Use this URL to cite or link to this record in EThOS: http://ethos.bl.uk/OrderDetails.do?uin=uk.bl.ethos.544998
Title: Novel hardwired distributive tactile sensing system for medical applications
Author: Petra, Mohamad Iskandar
ISNI:       0000 0001 3485 7860
Awarding Body: Aston University
Current Institution: Aston University
Date of Award: 2007
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Abstract:
This thesis described the research carried out on the development of a novel hardwired tactile sensing system tailored for the application of a next generation of surgical robotic and clinical devices, namely a steerable endoscope with tactile feedback, and a surface plate for patient posture and balance. Two case studies are examined. The first is a one-dimensional sensor for the steerable endoscope retrieving shape and 'touch' information. The second is a two-dimensional surface which interprets the three-dimensional motion of a contacting moving load. This research can be used to retrieve information from a distributive tactile sensing surface of a different configuration, and can interpret dynamic and static disturbances. This novel approach to sensing has the potential to discriminate contact and palpation in minimal invasive surgery (MIS) tools, and posture and balance in patients. The hardwired technology uses an embedded system based on Field Programmable Gate Arrays (FPGA) as the platform to perform the sensory signal processing part in real time. High speed robust operation is an advantage from this system leading to versatile application involving dynamic real time interpretation as described in this research. In this research the sensory signal processing uses neural networks to derive information from input pattern from the contacting surface. Three neural network architectures namely single, multiple and cascaded were introduced in an attempt to find the optimum solution for discrimination of the contacting outputs. These architectures were modelled and implemented into the FPGA. With the recent introduction of modern digital design flows and synthesis tools that essentially take a high-level sensory processing behaviour specification for a design, fast prototyping of the neural network function can be achieved easily. This thesis outlines the challenge of the implementations and verifications of the performances.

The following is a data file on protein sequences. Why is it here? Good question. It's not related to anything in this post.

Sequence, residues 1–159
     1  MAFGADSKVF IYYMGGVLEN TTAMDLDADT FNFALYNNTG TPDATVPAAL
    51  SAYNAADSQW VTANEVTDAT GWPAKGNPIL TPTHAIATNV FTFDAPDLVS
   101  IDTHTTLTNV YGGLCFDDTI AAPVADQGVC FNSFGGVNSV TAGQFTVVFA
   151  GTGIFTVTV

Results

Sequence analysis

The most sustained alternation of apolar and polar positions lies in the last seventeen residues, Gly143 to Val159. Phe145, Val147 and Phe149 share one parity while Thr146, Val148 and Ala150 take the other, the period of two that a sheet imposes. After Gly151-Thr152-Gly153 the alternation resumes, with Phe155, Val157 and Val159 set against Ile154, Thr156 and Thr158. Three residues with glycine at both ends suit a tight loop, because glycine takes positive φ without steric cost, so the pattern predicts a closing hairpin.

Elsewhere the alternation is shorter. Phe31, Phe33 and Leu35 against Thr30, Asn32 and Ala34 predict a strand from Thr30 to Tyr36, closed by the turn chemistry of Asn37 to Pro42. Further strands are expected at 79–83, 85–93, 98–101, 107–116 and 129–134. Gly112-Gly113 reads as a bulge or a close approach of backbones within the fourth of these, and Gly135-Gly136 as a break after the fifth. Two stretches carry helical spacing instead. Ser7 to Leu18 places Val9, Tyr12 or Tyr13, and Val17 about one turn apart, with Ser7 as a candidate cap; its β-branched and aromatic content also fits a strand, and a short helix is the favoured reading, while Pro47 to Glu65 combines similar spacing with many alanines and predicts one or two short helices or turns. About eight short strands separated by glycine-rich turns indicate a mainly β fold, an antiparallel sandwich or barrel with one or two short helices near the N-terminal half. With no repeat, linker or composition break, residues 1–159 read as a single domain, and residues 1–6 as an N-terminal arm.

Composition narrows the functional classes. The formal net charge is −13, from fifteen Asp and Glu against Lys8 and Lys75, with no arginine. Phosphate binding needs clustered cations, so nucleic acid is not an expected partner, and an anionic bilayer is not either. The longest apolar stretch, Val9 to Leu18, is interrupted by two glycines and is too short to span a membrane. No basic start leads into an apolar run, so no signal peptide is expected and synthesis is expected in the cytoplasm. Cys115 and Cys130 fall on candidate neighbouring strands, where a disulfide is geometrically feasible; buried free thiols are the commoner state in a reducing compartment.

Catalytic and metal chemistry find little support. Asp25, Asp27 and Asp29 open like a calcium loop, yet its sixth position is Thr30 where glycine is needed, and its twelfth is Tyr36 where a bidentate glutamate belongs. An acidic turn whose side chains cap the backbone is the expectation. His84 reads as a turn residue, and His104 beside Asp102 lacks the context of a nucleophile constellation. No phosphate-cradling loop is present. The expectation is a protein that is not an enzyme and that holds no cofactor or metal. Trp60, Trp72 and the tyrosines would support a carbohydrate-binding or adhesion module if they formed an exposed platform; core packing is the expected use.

Supervisor: Not available Sponsor: Not available
Qualification Name: Thesis (Ph.D.) Qualification Level: Doctoral
EThOS ID: uk.bl.ethos.544998  DOI: Not available
Keywords: Systems Engineering ; Engineering not elsewhere classified
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